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4 Facts About Women and HIV

Nurx HIV and STI expert Emily Rymland shares things too few women talk about when it comes to HIV.

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At Nurx we want conversations about HIV prevention, testing and treatment to be an all-year thing, but we acknowledge that there is still stigma and silence around this topic, especially when it comes to women. 

While the overall story of HIV/AIDS in the US is a feel-good one — infections are down and medical developments make it easier to prevent and treat HIV than ever before — too many women are still infected. Certain groups, including Black, Latina, and transgender women, are disproportionately affected. 

Our own Dr. Emily Rymland, DNP FNP-C, Nurx Director of Clinical Operations, has been focused on preventing and treating HIV throughout her career, and feels passionately that women need to think and talk (and test for) HIV a whole lot more than most do. Here she shares four facts about women and HIV that everyone should be aware of.

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FACT: Women get HIV too.

When a Nurx patient recently tested positive for HIV after using one of our STI Home Test Kits, Emily delivered the news to her, and learned that the patient had been struggling with health problems and none of her doctors ever bothered to recommend HIV testing. “Many healthcare providers just assume that women aren’t at risk, and don’t even ask them about it,” says Emily. “This patient did our home test just to get a check, and once she tested positive and got her in-person labs done to confirm the diagnosis she found out that she had full-blown AIDS. Her doctors had never asked about her risk factors or anything! Now she is on treatment and will be fine, but it shows how easily HIV can be missed in women if their providers aren’t knowledgeable and women aren’t empowered to ask about HIV.”

FACT: PrEP is for women.

PrEP is a daily pill that provides 99% protection against HIV infection, has few side effects, and is very affordable with insurance or payment assistance plans — so why do so few women take it? “Women either don’t know about PrEP or they think it’s only for gay men, so not enough women take PrEP,” says Emily. “Some think that if they’re on PrEP it means they’re a slut or planning to cheat on a partner — we need to reframe that. Being on PrEP means ‘I’m taking charge of my sex life, I’m protecting myself and my partners, I’m doing the wright thing.’ PrEP is self-care, it frees you up to not worry. It means you’re a responsible person.”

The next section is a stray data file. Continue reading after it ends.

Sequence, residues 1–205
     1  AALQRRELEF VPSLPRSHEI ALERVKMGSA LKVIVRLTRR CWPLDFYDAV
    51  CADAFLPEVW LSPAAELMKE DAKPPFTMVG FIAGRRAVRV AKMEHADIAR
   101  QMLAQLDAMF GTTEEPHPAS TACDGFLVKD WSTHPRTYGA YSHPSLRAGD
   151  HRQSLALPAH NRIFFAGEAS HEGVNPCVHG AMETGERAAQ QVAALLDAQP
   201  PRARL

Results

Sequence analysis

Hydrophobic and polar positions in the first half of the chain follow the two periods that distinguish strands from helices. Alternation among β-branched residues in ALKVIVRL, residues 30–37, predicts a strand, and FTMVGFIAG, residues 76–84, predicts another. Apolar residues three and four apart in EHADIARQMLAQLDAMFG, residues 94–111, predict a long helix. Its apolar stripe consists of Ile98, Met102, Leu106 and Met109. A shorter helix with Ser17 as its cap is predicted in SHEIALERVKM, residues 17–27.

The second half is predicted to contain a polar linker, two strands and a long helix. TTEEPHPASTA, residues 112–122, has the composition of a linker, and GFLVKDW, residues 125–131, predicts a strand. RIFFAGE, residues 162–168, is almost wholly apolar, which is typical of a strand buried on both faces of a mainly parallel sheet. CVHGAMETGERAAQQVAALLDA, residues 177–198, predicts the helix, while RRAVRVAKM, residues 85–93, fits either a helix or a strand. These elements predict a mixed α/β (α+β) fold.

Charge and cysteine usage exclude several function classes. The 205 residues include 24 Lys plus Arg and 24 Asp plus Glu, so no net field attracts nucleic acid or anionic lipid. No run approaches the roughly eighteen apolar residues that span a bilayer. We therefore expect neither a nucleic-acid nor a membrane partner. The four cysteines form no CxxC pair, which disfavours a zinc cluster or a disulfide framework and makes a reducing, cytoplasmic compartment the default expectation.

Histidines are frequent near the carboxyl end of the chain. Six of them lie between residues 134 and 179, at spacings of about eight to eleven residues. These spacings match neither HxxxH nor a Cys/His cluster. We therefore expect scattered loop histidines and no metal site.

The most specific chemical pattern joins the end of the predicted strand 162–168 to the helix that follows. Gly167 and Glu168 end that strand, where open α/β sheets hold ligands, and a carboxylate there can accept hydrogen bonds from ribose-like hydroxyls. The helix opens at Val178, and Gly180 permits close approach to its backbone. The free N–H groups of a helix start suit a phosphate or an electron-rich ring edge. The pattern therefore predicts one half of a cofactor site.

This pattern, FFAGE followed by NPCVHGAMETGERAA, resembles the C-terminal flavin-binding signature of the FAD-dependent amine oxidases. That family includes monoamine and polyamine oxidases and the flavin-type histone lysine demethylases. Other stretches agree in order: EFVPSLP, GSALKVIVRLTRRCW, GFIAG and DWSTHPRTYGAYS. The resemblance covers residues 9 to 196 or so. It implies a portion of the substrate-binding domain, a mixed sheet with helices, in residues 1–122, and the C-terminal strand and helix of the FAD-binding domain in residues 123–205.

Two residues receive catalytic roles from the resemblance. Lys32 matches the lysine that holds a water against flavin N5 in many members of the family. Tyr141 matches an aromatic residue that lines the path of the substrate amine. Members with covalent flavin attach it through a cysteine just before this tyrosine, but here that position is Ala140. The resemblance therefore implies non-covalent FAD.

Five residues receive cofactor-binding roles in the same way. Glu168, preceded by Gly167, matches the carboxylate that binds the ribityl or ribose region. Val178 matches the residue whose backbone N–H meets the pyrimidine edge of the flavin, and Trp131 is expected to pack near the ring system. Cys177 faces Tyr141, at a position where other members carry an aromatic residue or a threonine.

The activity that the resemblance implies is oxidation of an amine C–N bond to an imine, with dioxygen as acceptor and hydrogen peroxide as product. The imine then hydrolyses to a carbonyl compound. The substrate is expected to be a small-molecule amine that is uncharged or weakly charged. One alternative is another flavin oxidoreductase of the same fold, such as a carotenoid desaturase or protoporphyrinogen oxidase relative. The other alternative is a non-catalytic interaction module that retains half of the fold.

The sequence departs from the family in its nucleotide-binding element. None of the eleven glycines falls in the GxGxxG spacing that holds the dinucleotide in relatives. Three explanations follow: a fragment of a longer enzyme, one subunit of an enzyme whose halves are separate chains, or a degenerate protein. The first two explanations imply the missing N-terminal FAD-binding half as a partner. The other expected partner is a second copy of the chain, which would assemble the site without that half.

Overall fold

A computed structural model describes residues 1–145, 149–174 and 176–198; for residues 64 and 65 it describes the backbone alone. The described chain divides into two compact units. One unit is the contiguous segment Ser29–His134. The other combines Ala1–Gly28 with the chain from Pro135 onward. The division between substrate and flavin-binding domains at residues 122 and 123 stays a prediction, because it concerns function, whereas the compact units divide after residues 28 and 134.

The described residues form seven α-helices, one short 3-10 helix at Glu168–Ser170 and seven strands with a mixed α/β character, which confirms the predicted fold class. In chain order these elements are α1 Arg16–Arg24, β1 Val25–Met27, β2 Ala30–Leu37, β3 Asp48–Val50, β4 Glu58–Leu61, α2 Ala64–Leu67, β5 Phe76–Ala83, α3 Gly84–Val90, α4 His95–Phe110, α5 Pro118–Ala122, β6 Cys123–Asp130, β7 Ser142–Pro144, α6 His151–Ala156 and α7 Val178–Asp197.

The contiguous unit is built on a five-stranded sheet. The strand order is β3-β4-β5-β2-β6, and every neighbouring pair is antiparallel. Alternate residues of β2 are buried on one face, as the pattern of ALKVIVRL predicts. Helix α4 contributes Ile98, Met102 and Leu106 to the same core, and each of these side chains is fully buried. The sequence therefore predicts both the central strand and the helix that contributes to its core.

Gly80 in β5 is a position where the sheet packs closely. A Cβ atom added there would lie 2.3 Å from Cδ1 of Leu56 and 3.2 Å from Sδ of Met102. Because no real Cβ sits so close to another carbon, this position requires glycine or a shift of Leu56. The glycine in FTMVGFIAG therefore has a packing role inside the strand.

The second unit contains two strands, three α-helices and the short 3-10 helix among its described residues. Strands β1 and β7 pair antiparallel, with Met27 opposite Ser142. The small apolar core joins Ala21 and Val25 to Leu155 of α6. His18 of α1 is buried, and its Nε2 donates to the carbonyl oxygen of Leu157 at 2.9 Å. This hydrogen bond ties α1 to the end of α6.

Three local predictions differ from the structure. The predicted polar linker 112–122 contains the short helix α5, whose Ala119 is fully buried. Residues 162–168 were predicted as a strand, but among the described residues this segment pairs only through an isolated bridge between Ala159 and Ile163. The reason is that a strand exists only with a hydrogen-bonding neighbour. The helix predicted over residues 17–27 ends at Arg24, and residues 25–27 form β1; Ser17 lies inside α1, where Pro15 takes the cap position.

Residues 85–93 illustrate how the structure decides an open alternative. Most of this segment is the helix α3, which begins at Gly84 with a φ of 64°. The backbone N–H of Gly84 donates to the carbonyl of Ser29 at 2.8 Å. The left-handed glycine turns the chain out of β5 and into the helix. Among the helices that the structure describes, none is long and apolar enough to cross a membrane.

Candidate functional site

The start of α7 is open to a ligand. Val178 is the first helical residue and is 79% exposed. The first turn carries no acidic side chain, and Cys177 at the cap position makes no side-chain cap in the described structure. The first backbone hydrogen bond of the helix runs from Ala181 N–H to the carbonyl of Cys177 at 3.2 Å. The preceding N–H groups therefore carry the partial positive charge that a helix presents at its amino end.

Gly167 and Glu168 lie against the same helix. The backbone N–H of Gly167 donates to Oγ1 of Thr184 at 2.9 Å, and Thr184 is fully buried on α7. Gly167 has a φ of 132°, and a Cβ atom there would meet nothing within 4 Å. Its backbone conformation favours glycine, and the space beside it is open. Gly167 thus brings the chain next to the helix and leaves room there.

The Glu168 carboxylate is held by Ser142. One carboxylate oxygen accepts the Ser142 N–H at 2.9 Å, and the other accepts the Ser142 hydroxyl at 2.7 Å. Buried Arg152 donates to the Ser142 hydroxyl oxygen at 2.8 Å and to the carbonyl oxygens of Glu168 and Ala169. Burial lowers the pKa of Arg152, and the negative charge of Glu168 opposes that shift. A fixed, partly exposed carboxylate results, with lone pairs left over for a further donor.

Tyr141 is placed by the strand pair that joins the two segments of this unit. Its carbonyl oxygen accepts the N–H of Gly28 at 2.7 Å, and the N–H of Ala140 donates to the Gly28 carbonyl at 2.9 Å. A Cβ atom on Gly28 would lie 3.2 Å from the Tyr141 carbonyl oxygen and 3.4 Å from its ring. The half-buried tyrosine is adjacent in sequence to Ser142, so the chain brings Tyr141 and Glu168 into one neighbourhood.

How should you decide if PrEP is right for you?  “Not every woman should be on PrEP but every woman deserves a conversation about whether she should be on PrEP, and there should be no fear around that conversation,” says Emily. “If you’re sexually active but aren’t 100% sure of the HIV status of your partners, aren’t sure if a partner is monogamous, or aren’t consistent with condom use, then you should consider PrEP. If you’re reading this and the thought crosses your mind, ‘Oh my god, could that person I was with have had HIV?’ then you should ask about PrEP.” 

FACT: HIV testing shouldn’t feel scary. 

The only truly scary thing about HIV is not knowing you have it. Says Emily, “People need to understand that today HIV is very manageable — treatment is usually just one pill a day, with few side effects. If you get and stay on treatment you’ll live a full, long life, and won’t give it to your partners and can have babies without passing it to them. But the consequences of untreated HIV are severe and even deadly, so you need to get tested so you can start treatment.”

FACT: Women need to talk about HIV more.

“The conversation about HIV is really hard for people, especially straight people, but that silence is what causes HIV to spread,” says Emily. “Women should get tested regularly and talk about it — tell your friends, your sister, your mother that you’re getting tested and tell them to get tested too. Normalize it!”

There’s often silence around women and HIV in the doctor’s office as well. One reason too few women are on PrEP may be that their medical providers don’t raise the subject with them, and the women either don’t know to ask about PrEP or feel uncomfortable asking for it. Says Emily, “At Nurx we don’t ask you why you need PrEP. If you think you need it you can have it — it’s your body, your choice.  We give women the power to make these decisions and do what they want.” 

You can request PrEP any time in the Nurx website or app. Have questions? We’re here for you. Call Nurx at and leave a message for Emily Rymland.


About Emily Rymland

Dr. Emily Rymland, Clinical Development Manager at Nurx, has been a nurse practitioner working in HIV care in Northern California since the early 90s. She was originally drawn to medicine because of the HIV epidemic when many of her friends became ill. She has spent time working in Women’s Health at Planned Parenthood and runs the Buseesa Community Development Centre, a small bush clinic in western Uganda. Emily enjoys working in telemedicine because it increases access for patients, especially those who suffer from the stigma surrounding HIV.


This blog pro­vides infor­ma­tion about telemed­i­cine, health and related sub­jects. The blog content and any linked materials herein are not intended to be, and should not be con­strued as a substitute for, med­ical or healthcare advice, diagnosis or treatment. Any reader or per­son with a med­ical con­cern should con­sult with an appropriately-licensed physi­cian or other healthcare provider. This blog is provided purely for informational purposes. The views expressed herein are not sponsored by and do not represent the opinions of Nurx™.

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